In honor of Black History Month, it is important to acknowledge that the accomplishments of Black Americans have too often been overlooked. We would like to take this opportunity to recognize several notable Black psychologists who are responsible for historic contributions to the field. These individuals and their work deserves to be amplified in order to build a future based on equity, inclusion, and opportunity.
Dr. Beckham is known as the first African American to hold the title of school psychologist. He established the first psychological laboratory at Howard University in Washington, DC. He is also credited with starting the first psychological clinic in a public school at DuSable High School in Chicago.
Dr. Canady is most known for being the first psychologist to study how the race of a test proctor may create bias in IQ testing. He found that the rapport between examinee and examiner could have significant impact and provided suggestions to reduce bias.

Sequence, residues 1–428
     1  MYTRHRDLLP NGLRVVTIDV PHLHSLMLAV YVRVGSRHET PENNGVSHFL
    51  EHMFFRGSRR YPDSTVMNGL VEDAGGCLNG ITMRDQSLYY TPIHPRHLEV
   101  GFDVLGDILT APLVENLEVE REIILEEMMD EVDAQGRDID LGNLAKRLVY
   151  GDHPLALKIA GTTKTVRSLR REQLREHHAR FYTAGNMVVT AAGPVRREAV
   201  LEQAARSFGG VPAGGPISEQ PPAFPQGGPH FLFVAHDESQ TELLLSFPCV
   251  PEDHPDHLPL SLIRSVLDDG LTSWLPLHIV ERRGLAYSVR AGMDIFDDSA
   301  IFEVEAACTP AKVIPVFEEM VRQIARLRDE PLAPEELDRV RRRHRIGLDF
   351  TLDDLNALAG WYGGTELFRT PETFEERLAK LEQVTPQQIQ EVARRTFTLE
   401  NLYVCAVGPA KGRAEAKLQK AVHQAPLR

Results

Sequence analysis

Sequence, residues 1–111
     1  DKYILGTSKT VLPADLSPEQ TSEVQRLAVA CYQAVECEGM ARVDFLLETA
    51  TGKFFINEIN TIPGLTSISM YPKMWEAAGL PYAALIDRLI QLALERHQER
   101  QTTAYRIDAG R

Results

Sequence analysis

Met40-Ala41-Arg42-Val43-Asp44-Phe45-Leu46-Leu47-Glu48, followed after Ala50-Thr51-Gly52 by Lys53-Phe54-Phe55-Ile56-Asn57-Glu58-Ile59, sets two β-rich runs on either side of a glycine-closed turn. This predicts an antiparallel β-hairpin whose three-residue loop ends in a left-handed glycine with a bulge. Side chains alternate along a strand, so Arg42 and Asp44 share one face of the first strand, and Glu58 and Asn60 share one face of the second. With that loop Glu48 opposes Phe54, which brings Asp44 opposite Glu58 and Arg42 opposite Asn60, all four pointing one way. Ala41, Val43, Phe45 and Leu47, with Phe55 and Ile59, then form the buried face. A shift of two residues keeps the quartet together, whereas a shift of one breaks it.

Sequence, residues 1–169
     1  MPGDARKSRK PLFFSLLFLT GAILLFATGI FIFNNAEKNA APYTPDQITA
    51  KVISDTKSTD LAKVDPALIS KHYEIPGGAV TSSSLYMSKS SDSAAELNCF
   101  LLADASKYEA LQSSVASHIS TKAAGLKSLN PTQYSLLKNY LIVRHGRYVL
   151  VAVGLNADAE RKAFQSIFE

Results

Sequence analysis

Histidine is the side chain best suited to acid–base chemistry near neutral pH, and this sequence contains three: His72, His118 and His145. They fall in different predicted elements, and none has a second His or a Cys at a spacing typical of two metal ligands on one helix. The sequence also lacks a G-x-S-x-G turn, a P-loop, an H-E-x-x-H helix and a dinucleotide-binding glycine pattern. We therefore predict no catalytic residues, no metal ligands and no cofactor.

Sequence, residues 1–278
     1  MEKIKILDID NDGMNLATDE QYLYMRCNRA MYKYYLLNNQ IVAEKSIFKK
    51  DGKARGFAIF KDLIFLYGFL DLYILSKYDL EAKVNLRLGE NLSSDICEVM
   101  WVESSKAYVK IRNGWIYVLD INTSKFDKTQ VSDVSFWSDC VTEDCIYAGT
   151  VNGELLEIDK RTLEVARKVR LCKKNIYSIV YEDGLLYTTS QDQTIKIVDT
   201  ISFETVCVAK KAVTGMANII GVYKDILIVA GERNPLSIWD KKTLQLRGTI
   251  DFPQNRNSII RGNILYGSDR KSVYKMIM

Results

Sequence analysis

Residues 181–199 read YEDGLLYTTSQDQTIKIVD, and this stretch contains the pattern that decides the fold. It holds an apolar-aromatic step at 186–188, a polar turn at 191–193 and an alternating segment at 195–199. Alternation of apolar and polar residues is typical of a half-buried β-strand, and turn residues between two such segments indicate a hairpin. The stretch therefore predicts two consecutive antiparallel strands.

This husband-and-wife team are known for their famous “doll study,” which showed that Black children, when asked to choose a doll most like themselves, would disproportionately choose White dolls. Their research was used in Brown v. Board of Education case in 1954 to argue that racially separate schools were psychologically harmful and violated the 14th Amendment.
Dr. Prosser was the first African American woman to receive her doctoral degree in psychology. She spent most of her short life focused on teaching and education.
Dr. Prosser's dissertation research focused on self-esteem and personality in matched pairs of Black students, with half of those studied attending segregated schools and the other half attending integrated schools. She found that Black students fared better in segregated schools. Her findings were controversial in the years leading to Brown v. Board of Education but were supported by people such as Carter Woodson and W.E.B. DuBois.
Dr. Sumner was the first African American to receive a PhD in psychology. His research focused on understanding racial bias and encouraging educational justice. He was one of the founders of the psychology department at Howard University, where he served as chair from 1928–1954.